Naps. It is acceptable behavior to sleep in the middle of the Indian corporate workday! One of the members on my team told me she sleeps on couches in the middle of a busy corridor on the fourth floor, and there are no repercussions. Then I saw this amazing scene of a bunch of guys passed out on the basement floor of the building. I love how there are no qualms about coworkers sleeping side-by-side on the pad. Phenomenal.

Tuesday, July 8, 2008

Return of the Organic Indian

I’m back! This post marks the glorious and triumphant return of my summer blog. We’ve (and by ‘we’, I mean ‘me’) got a lot of new and exciting things planned, so stay tuned for an action-packed few months.

This year I will be In Ahmedabad, Gujarat working with an NGO called Development Support Center (DSC). I will officially be employed by IBM Research India, so I’ll also be spending some time at their Delhi lab. At a high level, this summer’s research will be somewhat of an extension of last summer, when I was thinking about information systems for smallholding farmers. But more details about what I’ll be doing in a future post.

For now, let’s talk about other important things, like this blog. Last summer’s blog turned out to be beneficial in many ways:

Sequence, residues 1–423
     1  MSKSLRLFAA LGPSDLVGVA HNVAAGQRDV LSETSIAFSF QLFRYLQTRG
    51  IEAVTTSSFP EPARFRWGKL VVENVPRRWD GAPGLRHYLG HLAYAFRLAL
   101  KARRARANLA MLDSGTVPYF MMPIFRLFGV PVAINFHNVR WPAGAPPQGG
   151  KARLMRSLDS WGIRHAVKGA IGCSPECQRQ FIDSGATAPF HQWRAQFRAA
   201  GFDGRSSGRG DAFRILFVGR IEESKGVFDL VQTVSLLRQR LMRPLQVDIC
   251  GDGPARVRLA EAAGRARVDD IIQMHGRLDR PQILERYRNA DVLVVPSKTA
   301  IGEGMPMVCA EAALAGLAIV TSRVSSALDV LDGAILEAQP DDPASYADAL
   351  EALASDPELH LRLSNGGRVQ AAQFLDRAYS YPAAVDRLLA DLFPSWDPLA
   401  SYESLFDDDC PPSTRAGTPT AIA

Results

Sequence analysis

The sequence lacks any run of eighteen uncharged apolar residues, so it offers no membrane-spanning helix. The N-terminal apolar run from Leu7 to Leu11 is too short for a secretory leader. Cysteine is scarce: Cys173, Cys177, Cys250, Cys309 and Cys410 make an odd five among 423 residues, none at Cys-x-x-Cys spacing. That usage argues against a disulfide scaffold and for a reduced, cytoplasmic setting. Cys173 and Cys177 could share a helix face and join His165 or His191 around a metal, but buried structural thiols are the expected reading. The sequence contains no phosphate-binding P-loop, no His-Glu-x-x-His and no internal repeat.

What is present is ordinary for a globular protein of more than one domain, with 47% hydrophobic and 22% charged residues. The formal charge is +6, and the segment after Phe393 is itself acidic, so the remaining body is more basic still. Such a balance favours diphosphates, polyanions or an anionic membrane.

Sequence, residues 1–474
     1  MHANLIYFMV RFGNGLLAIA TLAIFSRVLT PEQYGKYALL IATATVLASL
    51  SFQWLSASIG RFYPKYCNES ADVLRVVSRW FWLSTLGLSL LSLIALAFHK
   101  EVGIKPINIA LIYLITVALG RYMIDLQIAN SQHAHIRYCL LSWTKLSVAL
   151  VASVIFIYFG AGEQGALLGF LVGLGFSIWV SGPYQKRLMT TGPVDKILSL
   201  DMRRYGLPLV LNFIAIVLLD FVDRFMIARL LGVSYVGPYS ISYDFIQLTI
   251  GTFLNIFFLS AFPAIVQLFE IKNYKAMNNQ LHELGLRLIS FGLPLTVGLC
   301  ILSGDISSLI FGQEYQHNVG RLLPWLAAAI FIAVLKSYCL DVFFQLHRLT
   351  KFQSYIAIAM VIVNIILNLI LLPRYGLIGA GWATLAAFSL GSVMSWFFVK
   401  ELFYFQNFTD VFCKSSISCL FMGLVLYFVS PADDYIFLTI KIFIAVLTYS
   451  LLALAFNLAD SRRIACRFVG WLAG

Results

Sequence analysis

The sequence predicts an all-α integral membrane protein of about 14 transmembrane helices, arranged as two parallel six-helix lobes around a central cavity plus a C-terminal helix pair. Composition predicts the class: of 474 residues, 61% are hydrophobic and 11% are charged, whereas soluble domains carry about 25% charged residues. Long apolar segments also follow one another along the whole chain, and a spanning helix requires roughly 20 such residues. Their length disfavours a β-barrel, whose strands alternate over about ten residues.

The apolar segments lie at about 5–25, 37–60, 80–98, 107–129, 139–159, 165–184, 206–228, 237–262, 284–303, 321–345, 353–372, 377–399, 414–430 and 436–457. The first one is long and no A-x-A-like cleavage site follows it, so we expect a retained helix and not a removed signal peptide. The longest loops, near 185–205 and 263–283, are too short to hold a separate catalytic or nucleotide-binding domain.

• It helped me stay in contact with friends and family; to let them know what I’m up to and to discuss the happenings
  • I captured wonderful memories that I will share with my grandkids or whoever else cares to listen. Recording memories, thoughts, and experiences in time is big for me… I intend to look back on this blog throughout my life
  • I improved my skills as a writer
I also received rave reviews about the blog from you, my gentle readers. My favorite reaction was, “I just saw your blog, and I read all three month’s posts in one sitting”, which I got in one flavor or another from several people. That’s a huge compliment. Also, Most Loyal Reader Award goes to my uncle Babumama, who was hooked on the blog and would bring it up to his friends and family during the normal course of the day.

Due to the positive response, I will be sticking to the same general format this summer; keep things light, funny, off-the-cuff (I had a policy of just writing without looking back/editing too much so that the posts are raw and perhaps more genuine). The same disclaimer from before applies: I reserve the right to take back anything I say on this blog. It was fun writing this way mostly because I channeled a few writers whom I greatly admire. Here are the most important ones- you may want to check them out yourself: